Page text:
The OKR Method

The OKR Method Guide

Purpose of the OKR Method

“OKRs are simple in theory but challenging to implement in practice. Done well OKRs will impact your culture and the ways of working within your organisation which is never a simple undertaking. We hope that sharing our experience will help others traverse these challenging aspects of OKR adoption” Mike Horwath & Taner Kapucu – OKR Method Authors

The OKR Method is an attempt to create a lightweight approach that allows organisations to adopt and implement OKRs with speed and certainty. The Method has been designed as an ‘Overlay Framework’ to your existing operating model thereby reducing the requirements for major internal surgery and minimising the impact during its implementation. 

The OKR Method has not been designed as a recipe book for use without prior experience. It is designed to be a non-proprietary method that anyone can use, skills which are transferable, but it is recommended that OKR experts and coaches are consulted in the rollout of the Framework. This is essential for the maintenance of a lightweight framework that does not include many elements or the soft skills required to implement OKRs well.    

We also recommend that an OKR Software platform is used to obtain the most benefit from OKRs, however, we highly recommend that you work with OKR Implementation coaches externally from the Software provider to ensure all aspects of the implementation are provided with equal focus.  

To download a copy of the guide please click here: PDF Version of the Guide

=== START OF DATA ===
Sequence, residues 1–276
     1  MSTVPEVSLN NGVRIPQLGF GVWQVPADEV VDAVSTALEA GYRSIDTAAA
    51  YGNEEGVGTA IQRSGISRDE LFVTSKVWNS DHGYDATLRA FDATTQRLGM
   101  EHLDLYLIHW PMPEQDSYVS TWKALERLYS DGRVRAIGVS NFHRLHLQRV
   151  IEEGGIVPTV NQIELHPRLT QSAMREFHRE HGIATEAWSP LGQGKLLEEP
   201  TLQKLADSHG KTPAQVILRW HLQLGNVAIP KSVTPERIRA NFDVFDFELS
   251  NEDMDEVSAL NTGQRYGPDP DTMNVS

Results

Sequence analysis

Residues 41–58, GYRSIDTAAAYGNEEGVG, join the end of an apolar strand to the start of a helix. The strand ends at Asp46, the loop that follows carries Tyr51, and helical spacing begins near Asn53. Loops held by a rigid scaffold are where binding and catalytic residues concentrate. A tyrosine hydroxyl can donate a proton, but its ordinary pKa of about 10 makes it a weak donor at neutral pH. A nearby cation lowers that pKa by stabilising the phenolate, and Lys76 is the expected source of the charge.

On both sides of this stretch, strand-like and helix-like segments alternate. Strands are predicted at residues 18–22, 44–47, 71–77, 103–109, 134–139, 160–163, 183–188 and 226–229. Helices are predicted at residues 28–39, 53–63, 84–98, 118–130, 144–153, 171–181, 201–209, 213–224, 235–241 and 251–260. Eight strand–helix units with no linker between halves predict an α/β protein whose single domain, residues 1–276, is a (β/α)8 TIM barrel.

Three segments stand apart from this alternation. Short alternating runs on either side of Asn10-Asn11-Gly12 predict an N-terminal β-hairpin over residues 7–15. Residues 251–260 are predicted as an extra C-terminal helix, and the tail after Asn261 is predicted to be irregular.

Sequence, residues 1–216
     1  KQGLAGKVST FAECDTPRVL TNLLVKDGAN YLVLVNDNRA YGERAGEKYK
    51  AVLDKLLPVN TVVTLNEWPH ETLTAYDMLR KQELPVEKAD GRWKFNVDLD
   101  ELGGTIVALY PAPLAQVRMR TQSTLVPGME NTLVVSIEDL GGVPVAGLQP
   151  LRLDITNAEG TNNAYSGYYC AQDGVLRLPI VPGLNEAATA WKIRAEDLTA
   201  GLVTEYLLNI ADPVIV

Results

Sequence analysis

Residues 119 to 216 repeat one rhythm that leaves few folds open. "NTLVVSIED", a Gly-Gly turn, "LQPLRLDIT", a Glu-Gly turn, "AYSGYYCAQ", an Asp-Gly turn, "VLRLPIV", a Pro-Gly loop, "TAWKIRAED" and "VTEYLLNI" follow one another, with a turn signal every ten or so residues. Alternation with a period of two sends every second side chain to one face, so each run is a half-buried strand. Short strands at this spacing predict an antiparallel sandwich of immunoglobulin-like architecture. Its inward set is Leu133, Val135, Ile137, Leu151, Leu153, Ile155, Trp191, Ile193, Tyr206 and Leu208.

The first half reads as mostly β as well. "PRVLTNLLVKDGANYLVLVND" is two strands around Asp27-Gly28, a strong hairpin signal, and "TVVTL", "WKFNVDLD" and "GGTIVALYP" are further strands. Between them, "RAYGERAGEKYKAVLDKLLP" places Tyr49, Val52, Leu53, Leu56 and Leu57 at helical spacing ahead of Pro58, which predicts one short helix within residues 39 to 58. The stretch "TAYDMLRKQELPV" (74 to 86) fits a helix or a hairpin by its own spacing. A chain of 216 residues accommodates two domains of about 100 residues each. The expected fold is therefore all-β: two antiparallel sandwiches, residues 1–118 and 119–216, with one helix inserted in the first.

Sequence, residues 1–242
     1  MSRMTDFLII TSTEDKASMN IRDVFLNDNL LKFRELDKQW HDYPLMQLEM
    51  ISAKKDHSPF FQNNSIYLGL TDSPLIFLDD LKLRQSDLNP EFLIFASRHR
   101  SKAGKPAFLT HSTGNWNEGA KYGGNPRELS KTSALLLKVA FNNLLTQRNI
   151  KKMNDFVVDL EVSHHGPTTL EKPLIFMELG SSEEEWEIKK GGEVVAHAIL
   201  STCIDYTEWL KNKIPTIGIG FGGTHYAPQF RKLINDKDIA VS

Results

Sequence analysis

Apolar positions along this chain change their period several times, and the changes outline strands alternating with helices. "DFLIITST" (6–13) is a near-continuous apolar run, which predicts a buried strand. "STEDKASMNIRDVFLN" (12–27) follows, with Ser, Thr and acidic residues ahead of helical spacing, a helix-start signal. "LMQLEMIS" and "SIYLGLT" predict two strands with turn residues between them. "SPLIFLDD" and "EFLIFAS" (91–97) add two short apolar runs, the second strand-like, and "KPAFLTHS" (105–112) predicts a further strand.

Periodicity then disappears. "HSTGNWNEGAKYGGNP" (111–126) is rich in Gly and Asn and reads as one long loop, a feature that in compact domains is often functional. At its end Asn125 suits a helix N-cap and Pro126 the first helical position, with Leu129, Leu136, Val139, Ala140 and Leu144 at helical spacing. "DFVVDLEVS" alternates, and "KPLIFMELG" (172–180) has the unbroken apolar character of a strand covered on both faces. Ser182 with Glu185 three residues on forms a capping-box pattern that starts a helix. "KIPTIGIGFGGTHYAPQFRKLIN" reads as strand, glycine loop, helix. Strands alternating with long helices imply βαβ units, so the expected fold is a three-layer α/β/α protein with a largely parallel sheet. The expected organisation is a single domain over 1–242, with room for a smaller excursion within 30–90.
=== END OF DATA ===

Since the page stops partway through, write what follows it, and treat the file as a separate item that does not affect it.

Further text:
© 2022 Mike Horwath and Taner Kapucu This publication is offered for license under the Attribution Share-Alike license of Creative Commons, accessible at and also described in summary form at By utilizing this OKR Method Guide, you acknowledge and agree that you have read and agree to be bound by the terms of the Attribution Share-Alike license of Creative Commons.

The OKR Method Definiton

The OKR Method is different to The OKR framework. The OKR framework is a goal-setting framework for individuals, teams, and organizations to define measurable goals and track their outcomes. The OKR framework itself contains very little structure, guidance or approaches for the set-up, management and change process that occurs when adopted into a business context. The generally accepted parameters of The OKR framework are:

  • Comprise an objective with 3–5 key results 
  • Objectives should be significant, concrete, and clearly defined
  • Objectives are inspirational 
  • Objectives can also be supported by initiatives (activities that help to move the key results)
  • Key results should be measurable
  • An organization’s target success rate for key results be 70%. A 70% success rate encourages competitive goal-making that is meant to stretch workers at low risk

The OKR Method expands on these ideas to create a set of steps that can be taken to implement a Strategy Management Framework for an organisation. The OKR Method can therefore be taken as an approach for adopting and implementing a Strategic Management Framework. To do this it includes:

  • A set of Principles
  • A method Architecture
  • A set of Phases, Events and Roles
  • Artefacts that support the adoption process
  • A set of roles to operate the Method

Taken together and used as designed the Method provides the process and steps to implement a Strategic Management Framework based on the concept of OKRs. 

The OKR Method Theory

OKR’s lineage can be traced back to Management by Objectives, first popularized by Peter Drucker in his 1954 book The Practice of Management. Management by objectives at its core is the process of employers/supervisors attempting to manage their subordinates by introducing a set of specific goals that both the employee and the company strive to achieve in the near future, and working to meet those goals accordingly. It involves 5 steps:

  1. Review organizational goal
  2. Set worker objective
  3. Monitor progress
  4. Evaluation